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Quantum Mechanics proof

  1. Jul 13, 2016 #1
    1. The problem statement, all variables and given/known data
    In Griffiths Introduction to Quantum Mechanics text book, he shows that for any wave function that is time-dependent (which implies that the state of any particle evolves with time), the wave function will stay normalized for all future time. There is a step in the proof that I seem to intuitively understand, but seems like it may be invalid as it would violate the product rule of differentiation.

    2. Relevant equations

    Here is what he does in the book,

    [tex] \frac {\imath\hbar}{2m}(\Psi^*\frac {\partial^2\Psi}{\partial x^2}-\frac {\partial^2\Psi^*}{\partial x^2}\Psi)=\frac{\partial}{\partial x}[\frac {\imath\hbar}{2m}(\Psi^*\frac {\partial\Psi}{\partial x}-\frac {\partial\Psi^*}{\partial x}\Psi)][/tex]

    3. The attempt at a solution
    Since the partial derivatives are operators, it doesn't make sense to me to have them factored out and sort of "skipping over" the psi* function (well, I mean the partial derivative that's being factored out of that first time with the psi* in it). Is it that the psi* and the derivative being multiplied to it are commutative, so that it might make more sense to factor out a partial derivative after switching their order?
     
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  3. Jul 13, 2016 #2

    PeroK

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    Those two expressions are clearly equal. Simply differentiate the RHS.
     
  4. Jul 13, 2016 #3

    vela

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    Your error is in assuming that Griffiths factored the partial derivative out. You're right that you can't do that, but that's not what he's doing. If you differentiate the righthand side, applying the product rule as necessary, you'll see you get the result on the lefthand side.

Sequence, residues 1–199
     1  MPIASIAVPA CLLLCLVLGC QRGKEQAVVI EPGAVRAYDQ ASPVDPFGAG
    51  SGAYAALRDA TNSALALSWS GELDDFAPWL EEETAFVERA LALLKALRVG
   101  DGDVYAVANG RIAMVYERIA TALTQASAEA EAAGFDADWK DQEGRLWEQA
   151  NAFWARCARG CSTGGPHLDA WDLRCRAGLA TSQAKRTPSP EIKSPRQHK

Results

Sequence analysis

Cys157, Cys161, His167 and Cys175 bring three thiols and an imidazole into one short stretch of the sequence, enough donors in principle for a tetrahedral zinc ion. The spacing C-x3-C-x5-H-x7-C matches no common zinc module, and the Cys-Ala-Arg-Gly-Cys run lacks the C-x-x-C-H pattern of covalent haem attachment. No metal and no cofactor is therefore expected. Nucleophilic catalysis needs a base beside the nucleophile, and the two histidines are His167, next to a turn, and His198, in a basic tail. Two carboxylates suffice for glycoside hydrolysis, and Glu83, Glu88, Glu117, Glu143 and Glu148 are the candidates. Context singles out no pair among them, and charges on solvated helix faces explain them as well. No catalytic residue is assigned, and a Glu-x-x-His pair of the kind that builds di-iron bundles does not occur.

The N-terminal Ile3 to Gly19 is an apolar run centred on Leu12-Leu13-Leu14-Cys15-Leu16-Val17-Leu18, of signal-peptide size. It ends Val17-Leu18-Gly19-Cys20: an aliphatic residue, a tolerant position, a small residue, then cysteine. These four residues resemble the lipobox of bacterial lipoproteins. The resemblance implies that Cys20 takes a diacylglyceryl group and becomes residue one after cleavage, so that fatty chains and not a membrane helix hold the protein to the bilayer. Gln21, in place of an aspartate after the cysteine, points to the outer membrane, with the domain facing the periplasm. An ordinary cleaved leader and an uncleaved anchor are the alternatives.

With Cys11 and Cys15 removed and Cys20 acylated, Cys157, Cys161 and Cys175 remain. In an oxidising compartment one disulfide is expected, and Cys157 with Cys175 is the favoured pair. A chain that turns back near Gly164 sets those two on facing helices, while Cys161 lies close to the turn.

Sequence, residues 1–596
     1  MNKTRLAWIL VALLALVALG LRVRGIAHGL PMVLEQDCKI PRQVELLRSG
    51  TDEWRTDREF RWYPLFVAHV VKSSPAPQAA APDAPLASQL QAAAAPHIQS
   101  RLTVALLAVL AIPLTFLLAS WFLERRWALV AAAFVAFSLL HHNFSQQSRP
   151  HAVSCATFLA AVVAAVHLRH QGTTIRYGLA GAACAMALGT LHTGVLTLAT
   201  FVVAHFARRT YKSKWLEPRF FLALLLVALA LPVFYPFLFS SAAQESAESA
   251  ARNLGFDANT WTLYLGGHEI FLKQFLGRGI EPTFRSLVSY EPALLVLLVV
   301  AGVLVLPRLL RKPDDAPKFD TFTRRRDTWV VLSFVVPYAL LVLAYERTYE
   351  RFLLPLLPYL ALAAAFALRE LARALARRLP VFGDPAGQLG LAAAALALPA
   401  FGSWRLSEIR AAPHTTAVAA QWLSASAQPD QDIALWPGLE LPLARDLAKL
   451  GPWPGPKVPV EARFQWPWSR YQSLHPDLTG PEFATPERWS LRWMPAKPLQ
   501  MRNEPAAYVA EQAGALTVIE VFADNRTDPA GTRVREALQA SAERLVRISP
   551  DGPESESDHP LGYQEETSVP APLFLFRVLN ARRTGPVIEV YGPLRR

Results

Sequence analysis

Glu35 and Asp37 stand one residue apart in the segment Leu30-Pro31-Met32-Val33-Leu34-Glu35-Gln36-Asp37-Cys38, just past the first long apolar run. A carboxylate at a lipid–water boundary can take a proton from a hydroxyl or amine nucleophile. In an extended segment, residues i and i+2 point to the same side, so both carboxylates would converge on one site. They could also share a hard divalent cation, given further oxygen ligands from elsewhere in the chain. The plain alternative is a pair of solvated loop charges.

5. Jul 14, 2016 #4
    Ahhhhh, I understand exactly. Thank you guys for the help :smile:
     
  6. Jul 14, 2016 #5
    Whoops, I have just one more question actually just to clear things up. Am I allowed to do something like this,

    [tex] \frac{\partial \psi}{\partial x}\frac{\partial^2 \psi^*}{\partial x^2}+\frac{\partial \psi^*}{\partial x} \frac{\partial^2 \psi}{\partial x^2}=\frac{\partial}{\partial x}[\psi]\frac{\partial^2 \psi^*}{\partial x^2}+\frac{\partial}{\partial x}[\psi^*] \frac{\partial^2 \psi}{\partial x^2}=\frac{\partial}{\partial x}[\psi\frac{\partial^2 \psi^*}{\partial x^2}+\psi^* \frac{\partial^2 \psi}{\partial x^2}][/tex]

    and say that I had factored out a derivative?
     
  7. Jul 14, 2016 #6

    PeroK

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    You're allowed to do it, in the sense that no one can stop you, but it would be entirely wrong. You seem to have got confused about the derivative being an operator and forgotten how it works.
     
  8. Jul 14, 2016 #7
    Well, thank you for portraying to me that I am incorrect in my thinking, as I was clearly under the wrong assumption that what I did was mathematically valid. Would you mind explaining why what I have done is incorrect?
     
  9. Jul 14, 2016 #8

    PeroK

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    If you differentiate the RHS, you will get four terms, two of which have derivatives of the 3rd order.
     
  10. Jul 14, 2016 #9
    I understand. Thank you again for your help.
     
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